“Neither is correct. Quite simply, for decades steam-powered ships had been moving at top speeds through possible ice fields and had not come to grief. Unfortunately for the Titanic, the odds caught up with the ship and she was mortally wounded It was as simple as that.

“The conclusions reached throughout the book are many. However, I am not ready to concede that the rule of celibacy should be dropped entirely. I am willing to concede that perhaps under certain specific circumstances, a married clergy should be tried and results then analyzed.

“I would not be willing to concede that celibacy should be ignored and that clerics should act out their sexuality. There have been several times in the history of the Church when those in the highest places did such and it was both disastrous and corrupting.

“Where Martel seems to have missed the opportunity to get to the crux of the problem is that Roman Catholicism has attempted to become centralized, to exercise control over an organization that quite literally extends from pole to pole. That was one of the results of the pontificate of John Paul II.

“Martel does have a valuable insight into the style of the pope, in that he never lived in a country where democratic means dominated the political and social scenes. And that control ultimately failed because it lacked both the personnel and the administration to bring this about. However, it also heightened the role of cardinals and made them the deciding factor in the appointment of bishops.

“Reading between the lines, the behavior of cardinals in Rome seems to have deteriorated as their lifestyle became increasingly extravagant. Ironically in the midst of all this, the Vatican went slowly bankrupt. The contrast between the penury of the Vatican and abandonment of constraints on the lifestyle of the Vatican’s administrators is breath taking. One can readily see why the crisis of the present pontificate is those who preside over the Vatican’s administration and why this distraction is key to understanding Pope Francis’s response to the clergy abuse scandal.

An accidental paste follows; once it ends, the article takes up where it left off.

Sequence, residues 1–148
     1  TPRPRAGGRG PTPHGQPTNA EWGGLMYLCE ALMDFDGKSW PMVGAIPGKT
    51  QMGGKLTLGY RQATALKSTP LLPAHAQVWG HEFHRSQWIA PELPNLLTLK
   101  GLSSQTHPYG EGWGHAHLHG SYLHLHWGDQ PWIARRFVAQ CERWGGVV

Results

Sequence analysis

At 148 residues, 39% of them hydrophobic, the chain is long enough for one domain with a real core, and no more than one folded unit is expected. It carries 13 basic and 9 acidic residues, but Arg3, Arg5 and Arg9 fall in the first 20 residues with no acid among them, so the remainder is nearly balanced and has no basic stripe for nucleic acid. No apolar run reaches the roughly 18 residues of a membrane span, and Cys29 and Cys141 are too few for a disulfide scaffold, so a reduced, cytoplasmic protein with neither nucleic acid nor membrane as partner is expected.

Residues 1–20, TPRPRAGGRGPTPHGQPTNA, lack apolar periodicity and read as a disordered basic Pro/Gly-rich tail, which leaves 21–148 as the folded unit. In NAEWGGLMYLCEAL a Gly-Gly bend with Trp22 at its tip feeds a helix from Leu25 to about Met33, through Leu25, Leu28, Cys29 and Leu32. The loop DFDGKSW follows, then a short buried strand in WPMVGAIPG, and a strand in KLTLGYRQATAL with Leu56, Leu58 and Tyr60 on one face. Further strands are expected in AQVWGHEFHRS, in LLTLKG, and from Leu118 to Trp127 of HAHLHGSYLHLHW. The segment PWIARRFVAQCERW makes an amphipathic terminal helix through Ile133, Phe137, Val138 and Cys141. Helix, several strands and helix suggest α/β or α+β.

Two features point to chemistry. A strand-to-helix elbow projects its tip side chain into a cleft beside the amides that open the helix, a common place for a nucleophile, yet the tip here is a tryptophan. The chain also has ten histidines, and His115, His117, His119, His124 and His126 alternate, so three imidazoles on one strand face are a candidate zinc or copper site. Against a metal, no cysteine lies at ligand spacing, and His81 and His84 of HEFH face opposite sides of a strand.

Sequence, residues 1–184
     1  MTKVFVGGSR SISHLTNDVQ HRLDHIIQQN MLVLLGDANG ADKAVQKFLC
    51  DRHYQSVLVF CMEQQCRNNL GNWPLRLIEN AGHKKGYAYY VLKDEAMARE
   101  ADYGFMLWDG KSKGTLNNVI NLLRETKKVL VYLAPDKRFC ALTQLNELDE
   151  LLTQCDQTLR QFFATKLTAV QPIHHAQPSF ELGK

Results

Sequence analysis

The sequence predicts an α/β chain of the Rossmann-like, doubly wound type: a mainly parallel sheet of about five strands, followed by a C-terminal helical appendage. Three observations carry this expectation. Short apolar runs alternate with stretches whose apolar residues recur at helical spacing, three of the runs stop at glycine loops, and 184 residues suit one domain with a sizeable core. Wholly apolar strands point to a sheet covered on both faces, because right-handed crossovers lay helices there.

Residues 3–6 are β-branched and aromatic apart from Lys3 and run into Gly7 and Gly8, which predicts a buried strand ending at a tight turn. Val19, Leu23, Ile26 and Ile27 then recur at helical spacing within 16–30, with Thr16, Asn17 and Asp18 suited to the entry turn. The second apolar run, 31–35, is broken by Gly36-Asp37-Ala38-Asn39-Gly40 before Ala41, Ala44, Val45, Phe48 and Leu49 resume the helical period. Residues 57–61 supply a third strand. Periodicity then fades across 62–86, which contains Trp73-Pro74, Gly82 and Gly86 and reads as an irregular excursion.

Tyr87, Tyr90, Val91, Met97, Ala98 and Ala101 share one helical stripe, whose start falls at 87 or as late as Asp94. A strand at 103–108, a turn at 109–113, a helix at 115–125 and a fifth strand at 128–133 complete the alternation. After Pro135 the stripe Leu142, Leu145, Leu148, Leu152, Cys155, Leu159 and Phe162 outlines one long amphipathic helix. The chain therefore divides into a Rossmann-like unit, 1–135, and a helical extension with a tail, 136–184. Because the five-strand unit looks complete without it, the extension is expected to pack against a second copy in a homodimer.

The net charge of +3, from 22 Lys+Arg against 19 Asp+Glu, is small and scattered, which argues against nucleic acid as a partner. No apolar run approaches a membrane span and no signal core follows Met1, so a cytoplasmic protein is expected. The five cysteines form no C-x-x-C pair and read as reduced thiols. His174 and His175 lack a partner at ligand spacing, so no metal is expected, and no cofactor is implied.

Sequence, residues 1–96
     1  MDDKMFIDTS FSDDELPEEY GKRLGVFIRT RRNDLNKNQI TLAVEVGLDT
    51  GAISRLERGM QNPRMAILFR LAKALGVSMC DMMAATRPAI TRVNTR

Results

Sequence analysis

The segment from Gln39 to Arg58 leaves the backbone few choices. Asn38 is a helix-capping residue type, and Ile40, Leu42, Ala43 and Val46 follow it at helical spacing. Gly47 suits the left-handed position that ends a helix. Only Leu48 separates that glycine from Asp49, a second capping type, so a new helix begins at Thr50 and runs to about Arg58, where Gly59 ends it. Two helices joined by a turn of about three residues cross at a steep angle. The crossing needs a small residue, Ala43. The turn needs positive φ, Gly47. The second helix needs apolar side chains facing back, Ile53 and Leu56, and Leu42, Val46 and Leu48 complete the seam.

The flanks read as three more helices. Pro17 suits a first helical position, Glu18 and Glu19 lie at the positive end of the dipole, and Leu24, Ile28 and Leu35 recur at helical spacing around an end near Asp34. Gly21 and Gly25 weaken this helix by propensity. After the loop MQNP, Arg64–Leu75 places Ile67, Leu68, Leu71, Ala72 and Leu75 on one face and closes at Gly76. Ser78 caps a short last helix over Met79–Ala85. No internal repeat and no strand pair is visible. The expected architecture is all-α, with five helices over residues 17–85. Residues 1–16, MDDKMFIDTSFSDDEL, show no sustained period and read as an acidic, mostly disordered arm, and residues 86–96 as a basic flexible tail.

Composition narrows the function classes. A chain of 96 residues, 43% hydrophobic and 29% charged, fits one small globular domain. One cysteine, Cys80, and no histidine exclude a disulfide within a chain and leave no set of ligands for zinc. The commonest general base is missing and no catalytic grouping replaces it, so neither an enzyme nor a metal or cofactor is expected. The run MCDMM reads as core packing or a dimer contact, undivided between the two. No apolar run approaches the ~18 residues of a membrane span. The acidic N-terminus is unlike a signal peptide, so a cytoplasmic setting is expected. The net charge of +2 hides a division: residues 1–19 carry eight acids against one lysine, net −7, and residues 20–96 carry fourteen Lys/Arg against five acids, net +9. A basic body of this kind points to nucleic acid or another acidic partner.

“The added irony is that the high standards set by John Paul II and Cardinal Ratzinger (later Benedict XVI) blinded them to what was becoming the worst scandal since the woes of the Renaissance brought on the Reformation. Martel alludes to this but unfortunately does not follow it to its logical conclusion.

“Whether or not this book will lead to a re-examination of sexuality in the Roman Catholic Church is not clear. It has been published in several languages and has no doubt caused a buzz among those who follow closely the inner workings of Rome. What is imperative is that with so much decision-making reserved to Rome, the mess in the “Closet” will paralyze any positive programs, policies, and initiatives that are proposed by the present Pope now and his successors.

“Finally, do I recommend reading ‘In the Closet of the Vatican’? Yes, if you have a strong stomach, a willingness to understand a culture that is quite foreign to most Americans, and lots of chocolate. After all, chocolate can make most experiences worthwhile.

Friends, you can understand why I hold Father Fred’s observations so high!

Sincerely, Charles Meredith